In simplest terms, Lightning, the debut novel of Felicity Volk, is the story of two quietly desperate people thrown together by chance, each bearing wounds of a personal tragedy, the sort that remain ever fresh. The story evolves into an on-the-road tale where the destination is vague for both Ahmed, an illegal Pakistani refugee, and Persia, a pathologist and chronic loner. What they are seeking is a place to rest, or is it a place to end? Early on, we briefly meet a voluptuous and ebullient Aborigine, Salome, who befriended Persia when both were pathology students, and who splits the world into two groups: the hanger-onners and the letter-goers. She soon divines and defines the key element of Persia's persona - the quintessential letter-goer: through Salome we learn that Persia has yet to overcome her resistance to lasting attachments. On such a voyage, randomness is the norm. Along the way the couple encounter several characters who provide brilliant cameos: a hefty Italian widow who runs a campground in the middle of nowhere and carries on soliloquies with her late husband. There is a truckie, wrangling a Kenworth with an "Alice in Wonderland" carnival ride as his cargo, who garrulously narrates the adolescent wooing of his wife years ago, then becomes gently poetic as the loneliness of the road at the twilight hour approaches. Ms. Volk is a fresh literary voice whose writing has the power to clarify and focus our lives through her characters. Her gift is to use language to create memorable metaphors, startling in their originality. One example of many - Persia, her heroine, plants a daphne bush by the entry of a lover's dwelling so comings and goings in spring are richly perfumed. After they split, she returns surreptitiously at night to water the bush and one evening finds it ripped out: "the hollow it occupied gaped like Munch's scream." The book is replete with the stories we tell about ourselves and the stories we invent to try to make sense of our lives, especially those parts that haven't worked out so well. Stories told with hurt, compassion, anger, poignancy and wit. It may seem petty to seek a moral in a story so multi-layered and filled with insights into the human experience, but I think there is one. When bearing the unhealed wound of a personal tragedy, the way - perhaps the only way - to stanch the bleeding is to discern when tragedy is borne by someone else, and then find a way to alleviate that suffering. Heal another, heal oneself. Lightning is a remarkable achievement. Felicity Volk is presently Advisor to the Global Ambassador for Women and Girls in the Australian foreign service. As befits a career diplomat, she has an extraordinary command of language, an intuitive proclivity for metaphor and a keen talent for rendering nuance and subtlety. The reader should be prepared to pay attention, and will be well rewarded for it.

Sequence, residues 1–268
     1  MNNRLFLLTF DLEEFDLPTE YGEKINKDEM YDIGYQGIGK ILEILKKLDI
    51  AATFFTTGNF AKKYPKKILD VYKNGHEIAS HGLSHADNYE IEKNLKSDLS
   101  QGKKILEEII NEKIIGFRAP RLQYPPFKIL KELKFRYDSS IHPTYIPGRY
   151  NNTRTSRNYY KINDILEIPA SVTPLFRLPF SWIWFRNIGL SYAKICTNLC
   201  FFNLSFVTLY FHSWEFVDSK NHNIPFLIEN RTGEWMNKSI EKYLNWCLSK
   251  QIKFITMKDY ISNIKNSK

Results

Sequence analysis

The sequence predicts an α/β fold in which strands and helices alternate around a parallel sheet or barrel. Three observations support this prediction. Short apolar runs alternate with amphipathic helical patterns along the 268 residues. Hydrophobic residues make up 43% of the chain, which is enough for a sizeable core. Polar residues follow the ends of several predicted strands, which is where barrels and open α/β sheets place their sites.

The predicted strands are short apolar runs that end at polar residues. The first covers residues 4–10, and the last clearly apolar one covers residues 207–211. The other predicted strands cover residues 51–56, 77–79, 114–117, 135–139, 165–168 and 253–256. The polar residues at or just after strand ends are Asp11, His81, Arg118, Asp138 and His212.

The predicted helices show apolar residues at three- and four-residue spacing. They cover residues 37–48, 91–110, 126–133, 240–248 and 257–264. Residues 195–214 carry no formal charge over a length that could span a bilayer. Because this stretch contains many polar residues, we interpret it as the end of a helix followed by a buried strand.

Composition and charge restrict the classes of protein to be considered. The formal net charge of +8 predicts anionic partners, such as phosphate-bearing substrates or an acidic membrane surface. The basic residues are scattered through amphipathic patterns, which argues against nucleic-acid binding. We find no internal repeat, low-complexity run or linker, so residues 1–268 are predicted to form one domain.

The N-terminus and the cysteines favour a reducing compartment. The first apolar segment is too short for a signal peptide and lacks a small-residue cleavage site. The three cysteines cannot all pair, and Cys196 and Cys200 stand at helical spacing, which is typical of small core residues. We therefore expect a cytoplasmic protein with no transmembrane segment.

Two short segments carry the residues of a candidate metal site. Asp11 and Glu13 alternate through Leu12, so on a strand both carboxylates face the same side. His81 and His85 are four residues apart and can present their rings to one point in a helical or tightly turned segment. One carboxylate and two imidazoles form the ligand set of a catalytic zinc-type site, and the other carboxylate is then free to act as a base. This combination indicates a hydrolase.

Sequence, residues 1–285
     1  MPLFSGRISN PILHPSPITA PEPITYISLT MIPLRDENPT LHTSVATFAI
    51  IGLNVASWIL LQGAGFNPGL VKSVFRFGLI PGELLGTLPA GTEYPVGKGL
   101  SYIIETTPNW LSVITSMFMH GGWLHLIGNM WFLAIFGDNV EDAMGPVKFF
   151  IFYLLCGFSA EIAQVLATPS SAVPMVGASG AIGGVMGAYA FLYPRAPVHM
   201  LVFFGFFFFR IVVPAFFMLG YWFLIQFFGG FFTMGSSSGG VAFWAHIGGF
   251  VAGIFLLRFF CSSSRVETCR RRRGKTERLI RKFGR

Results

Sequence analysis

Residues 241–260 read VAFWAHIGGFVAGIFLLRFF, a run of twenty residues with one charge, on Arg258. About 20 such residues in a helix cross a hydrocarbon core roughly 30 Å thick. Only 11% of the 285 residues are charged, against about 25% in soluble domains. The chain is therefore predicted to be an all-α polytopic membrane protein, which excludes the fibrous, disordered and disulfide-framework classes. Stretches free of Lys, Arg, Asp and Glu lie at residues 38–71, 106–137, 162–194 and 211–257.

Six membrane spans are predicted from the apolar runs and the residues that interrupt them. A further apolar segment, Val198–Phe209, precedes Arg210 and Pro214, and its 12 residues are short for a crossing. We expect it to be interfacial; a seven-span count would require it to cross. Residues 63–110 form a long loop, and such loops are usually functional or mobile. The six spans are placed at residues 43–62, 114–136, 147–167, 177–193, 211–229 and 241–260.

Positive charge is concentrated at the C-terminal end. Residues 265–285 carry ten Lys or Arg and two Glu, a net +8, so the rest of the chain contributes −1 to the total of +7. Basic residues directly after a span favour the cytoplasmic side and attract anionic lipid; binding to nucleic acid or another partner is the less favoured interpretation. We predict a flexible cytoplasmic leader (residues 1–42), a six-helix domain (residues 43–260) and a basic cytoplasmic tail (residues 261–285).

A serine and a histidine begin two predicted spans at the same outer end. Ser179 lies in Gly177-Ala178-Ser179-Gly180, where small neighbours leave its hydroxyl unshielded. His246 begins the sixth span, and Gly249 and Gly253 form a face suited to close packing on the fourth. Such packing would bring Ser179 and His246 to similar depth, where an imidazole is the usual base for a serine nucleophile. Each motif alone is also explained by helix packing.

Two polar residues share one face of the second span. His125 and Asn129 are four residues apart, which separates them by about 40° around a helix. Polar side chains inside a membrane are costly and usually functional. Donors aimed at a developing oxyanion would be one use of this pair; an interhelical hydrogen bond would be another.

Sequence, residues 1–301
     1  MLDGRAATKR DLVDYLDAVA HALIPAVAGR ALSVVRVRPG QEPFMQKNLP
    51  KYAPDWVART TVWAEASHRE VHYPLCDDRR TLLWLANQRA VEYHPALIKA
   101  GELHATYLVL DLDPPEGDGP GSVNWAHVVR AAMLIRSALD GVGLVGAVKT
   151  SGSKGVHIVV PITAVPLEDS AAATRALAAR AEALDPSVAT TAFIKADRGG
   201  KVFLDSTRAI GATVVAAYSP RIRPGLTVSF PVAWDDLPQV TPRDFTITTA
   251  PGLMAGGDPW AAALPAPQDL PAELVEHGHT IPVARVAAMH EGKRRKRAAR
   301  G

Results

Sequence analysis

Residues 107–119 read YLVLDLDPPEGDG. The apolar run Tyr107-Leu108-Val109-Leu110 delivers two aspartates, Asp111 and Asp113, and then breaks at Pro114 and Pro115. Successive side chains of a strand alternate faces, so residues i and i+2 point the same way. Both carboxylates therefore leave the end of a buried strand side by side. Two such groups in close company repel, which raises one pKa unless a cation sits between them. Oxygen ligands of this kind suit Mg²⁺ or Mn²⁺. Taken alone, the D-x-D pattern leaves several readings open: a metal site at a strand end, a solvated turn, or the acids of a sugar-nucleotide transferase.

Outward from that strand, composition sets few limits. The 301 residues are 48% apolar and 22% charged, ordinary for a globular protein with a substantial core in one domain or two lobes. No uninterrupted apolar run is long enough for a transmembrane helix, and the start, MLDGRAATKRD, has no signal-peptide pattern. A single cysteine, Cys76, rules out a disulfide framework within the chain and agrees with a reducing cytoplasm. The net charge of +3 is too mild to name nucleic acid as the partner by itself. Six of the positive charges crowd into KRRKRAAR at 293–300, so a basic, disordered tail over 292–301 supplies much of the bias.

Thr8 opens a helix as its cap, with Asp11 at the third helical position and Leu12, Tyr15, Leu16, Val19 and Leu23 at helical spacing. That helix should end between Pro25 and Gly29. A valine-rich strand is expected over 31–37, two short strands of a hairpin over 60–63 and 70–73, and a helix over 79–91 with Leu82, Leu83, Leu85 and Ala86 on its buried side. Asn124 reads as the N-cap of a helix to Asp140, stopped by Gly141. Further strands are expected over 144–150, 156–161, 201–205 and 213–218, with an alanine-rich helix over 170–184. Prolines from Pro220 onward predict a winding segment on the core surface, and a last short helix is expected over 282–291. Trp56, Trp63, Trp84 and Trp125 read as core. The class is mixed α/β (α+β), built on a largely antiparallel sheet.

Middleton WI